A view of Porto, Portugal
Porto/Flickr/Mike Norton

Perhaps the most famous of Portugal’s exports, port is a fortified wine made from grapes grown in the Douro Valley. Synonymous with the beautiful city of Porto, the drink draws millions of visitors annually to taste it at its source. Whether you’re a first-time sipper or a port aficionado, here’s what you should know to make the most of a port-tasting trip to Porto.

1. Some walking is involved. Porto is typically associated with port, yet most of the port houses or port tasting rooms are actually across the river in a town called Vila Nova de Gaia. You’ll have to walk a short distance across the Ponte Luís I bridge from Porto to Vila Nova de Gaia, but you’ll be met with Insta-worthy views. Good to know: Vila Nova de Gaia has even steeper hills than Porto, and some of the port houses are uphill.


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2. Vila Nova de Gaia has 10 port houses. Sandeman, Graham’s, Cockburn’s, and Taylor’s — whose products are found stateside — are among the largest producers of port and have some of the busiest tasting rooms. Kopke, one of the oldest port houses, offers tasting flights paired with chocolate; in addition to port, they also make other Portuguese wines. A few lesser-known options (ones not sold in the U.S.) include Wiese and Krohn, Burmester, and Vasconcellos.


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3. Some venues offer free tours, while others charge a small fee. Taylor’s is among the places you can visit for free, and Sandeman charges a nominal fee (from €6, approximately $7 USD) for the tour and tasting. If your time is limited — or if you want to taste a variety of port in one place — visit  Port Wine Institute in Porto, where hundreds of ports are available for tasting for as little as €1 per glass.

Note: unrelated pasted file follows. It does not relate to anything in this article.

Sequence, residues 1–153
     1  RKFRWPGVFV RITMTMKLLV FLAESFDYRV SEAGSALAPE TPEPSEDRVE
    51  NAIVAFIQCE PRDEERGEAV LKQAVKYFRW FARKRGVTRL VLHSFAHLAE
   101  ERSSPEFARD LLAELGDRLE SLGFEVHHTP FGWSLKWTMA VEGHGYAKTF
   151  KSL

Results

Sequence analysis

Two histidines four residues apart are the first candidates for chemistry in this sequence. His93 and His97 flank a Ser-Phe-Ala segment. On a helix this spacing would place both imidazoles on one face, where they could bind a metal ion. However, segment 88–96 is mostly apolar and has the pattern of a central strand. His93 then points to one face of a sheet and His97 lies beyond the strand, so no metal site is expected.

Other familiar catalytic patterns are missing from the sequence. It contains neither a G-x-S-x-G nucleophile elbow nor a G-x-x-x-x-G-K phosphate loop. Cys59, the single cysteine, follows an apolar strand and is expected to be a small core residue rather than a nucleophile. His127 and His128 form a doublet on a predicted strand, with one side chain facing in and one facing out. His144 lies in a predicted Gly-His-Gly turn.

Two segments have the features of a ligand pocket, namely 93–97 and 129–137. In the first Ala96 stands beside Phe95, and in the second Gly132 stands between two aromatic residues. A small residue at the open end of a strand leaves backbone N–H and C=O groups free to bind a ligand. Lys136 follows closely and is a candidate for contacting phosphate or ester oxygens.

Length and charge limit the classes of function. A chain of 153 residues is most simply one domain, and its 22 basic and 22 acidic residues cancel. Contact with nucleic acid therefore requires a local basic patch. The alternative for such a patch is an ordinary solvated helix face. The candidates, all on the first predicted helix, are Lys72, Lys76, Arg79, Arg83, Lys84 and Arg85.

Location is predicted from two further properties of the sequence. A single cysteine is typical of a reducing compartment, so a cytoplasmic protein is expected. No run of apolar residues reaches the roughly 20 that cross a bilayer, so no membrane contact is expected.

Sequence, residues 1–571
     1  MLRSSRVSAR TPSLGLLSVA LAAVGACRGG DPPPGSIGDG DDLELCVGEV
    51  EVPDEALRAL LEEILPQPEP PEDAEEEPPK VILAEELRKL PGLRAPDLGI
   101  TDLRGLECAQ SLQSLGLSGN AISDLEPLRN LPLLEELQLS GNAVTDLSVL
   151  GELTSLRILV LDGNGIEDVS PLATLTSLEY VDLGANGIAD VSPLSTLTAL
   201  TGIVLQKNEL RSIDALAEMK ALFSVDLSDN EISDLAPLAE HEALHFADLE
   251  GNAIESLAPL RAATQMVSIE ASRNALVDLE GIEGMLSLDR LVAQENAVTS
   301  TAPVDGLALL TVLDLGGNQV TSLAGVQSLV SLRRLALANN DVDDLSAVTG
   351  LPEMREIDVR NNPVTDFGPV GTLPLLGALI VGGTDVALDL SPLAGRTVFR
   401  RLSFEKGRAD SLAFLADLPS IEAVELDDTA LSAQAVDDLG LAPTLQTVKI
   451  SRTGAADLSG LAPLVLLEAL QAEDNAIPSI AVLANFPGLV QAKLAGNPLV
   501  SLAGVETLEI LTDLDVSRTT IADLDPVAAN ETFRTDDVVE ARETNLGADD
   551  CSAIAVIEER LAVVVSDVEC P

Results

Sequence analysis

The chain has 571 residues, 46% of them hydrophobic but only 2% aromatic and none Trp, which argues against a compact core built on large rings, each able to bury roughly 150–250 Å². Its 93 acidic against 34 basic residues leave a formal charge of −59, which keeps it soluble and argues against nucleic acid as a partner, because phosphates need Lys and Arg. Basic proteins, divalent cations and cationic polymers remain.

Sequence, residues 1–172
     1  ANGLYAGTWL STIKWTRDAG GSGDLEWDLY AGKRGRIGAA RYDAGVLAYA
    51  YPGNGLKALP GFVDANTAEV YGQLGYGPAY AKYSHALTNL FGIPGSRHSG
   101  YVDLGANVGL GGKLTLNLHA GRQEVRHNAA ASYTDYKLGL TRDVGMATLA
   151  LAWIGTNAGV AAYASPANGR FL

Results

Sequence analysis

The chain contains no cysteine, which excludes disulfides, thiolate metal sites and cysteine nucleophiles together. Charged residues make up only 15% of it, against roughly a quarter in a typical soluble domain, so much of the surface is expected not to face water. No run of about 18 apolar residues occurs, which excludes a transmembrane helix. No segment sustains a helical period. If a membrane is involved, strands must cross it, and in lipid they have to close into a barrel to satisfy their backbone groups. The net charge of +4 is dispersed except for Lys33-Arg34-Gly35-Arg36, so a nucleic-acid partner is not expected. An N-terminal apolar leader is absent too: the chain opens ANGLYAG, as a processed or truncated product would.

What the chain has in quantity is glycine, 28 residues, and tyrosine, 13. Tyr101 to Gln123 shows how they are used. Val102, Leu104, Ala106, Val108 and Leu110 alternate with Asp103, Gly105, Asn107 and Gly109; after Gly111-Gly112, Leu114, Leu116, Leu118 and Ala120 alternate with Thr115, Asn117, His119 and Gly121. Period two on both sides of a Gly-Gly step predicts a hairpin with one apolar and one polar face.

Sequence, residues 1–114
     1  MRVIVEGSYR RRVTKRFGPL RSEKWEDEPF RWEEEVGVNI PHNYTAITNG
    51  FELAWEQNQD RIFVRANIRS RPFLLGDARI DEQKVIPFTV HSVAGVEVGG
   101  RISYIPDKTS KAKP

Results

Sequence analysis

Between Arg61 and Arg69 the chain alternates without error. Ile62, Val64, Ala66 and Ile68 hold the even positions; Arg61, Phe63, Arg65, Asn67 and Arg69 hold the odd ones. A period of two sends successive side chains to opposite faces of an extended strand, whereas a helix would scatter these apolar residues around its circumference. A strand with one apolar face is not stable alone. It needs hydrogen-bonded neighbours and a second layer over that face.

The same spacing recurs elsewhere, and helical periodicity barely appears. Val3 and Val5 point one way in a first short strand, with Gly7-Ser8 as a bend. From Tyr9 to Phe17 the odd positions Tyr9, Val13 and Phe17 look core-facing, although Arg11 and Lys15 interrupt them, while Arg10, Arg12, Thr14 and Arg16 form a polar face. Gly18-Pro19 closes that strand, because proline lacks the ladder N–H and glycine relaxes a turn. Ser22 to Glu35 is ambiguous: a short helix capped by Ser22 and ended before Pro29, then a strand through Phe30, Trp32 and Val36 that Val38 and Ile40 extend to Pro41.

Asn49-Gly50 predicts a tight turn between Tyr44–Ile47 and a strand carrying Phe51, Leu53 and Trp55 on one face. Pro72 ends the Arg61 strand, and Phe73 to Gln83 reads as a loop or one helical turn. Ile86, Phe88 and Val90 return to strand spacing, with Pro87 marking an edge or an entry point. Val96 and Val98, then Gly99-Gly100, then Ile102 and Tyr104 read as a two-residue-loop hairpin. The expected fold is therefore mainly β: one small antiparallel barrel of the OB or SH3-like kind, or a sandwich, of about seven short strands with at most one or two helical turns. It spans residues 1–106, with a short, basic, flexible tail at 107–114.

4. There’s even a wine-themed hotel. The 82-room Yeatman Hotel  in Vila Nova de Gaia takes wine very seriously:  each room is named for a Portuguese winery and its 21,000-square-foot spa has products and services that incorporate wine, grapes, and grape seeds. Even the outdoor pool is shaped like a wine decanter. Its location near several port houses makes it convenient for tastings, too. Off-season rates are from €200 per night.

5. Double check the port houses’ operating hours. Most port houses open early — around 10 a.m. — and close between 5 and 7 p.m. Some close for lunch, and others operate on limited hours during the winter.

6. Safety first. Port tasting packs a punch; be sure to have breakfast and lunch during your outing. It’s also important to stay hydrated by drinking plenty of water. We recommend visiting no more than three port houses per day — fewer if you’re a light drinker.

7. Plan to bring some port home. While some brands like Taylor’s are easily found here at home, not all varieties are found on American wine shop shelves. If you find something you love, ask if it’s exported. Since most shops have special wine bottle wraps for sale, you can pack a bottle in your luggage with no fear of a leak.

8. Start farthest away from your hotel. We like to begin a tasting day at the port house located highest up the hill so we can work ourselves back down. Nothing takes the fun out of a day of port tasting like trudging up and down steep hills.

9. Try everything. Port comes in several varieties: white port, ruby port, tawny port, late bottled vintage, colheita, blends, and vintage port. Even if you think you know what you like, it’s worth trying something new.

 

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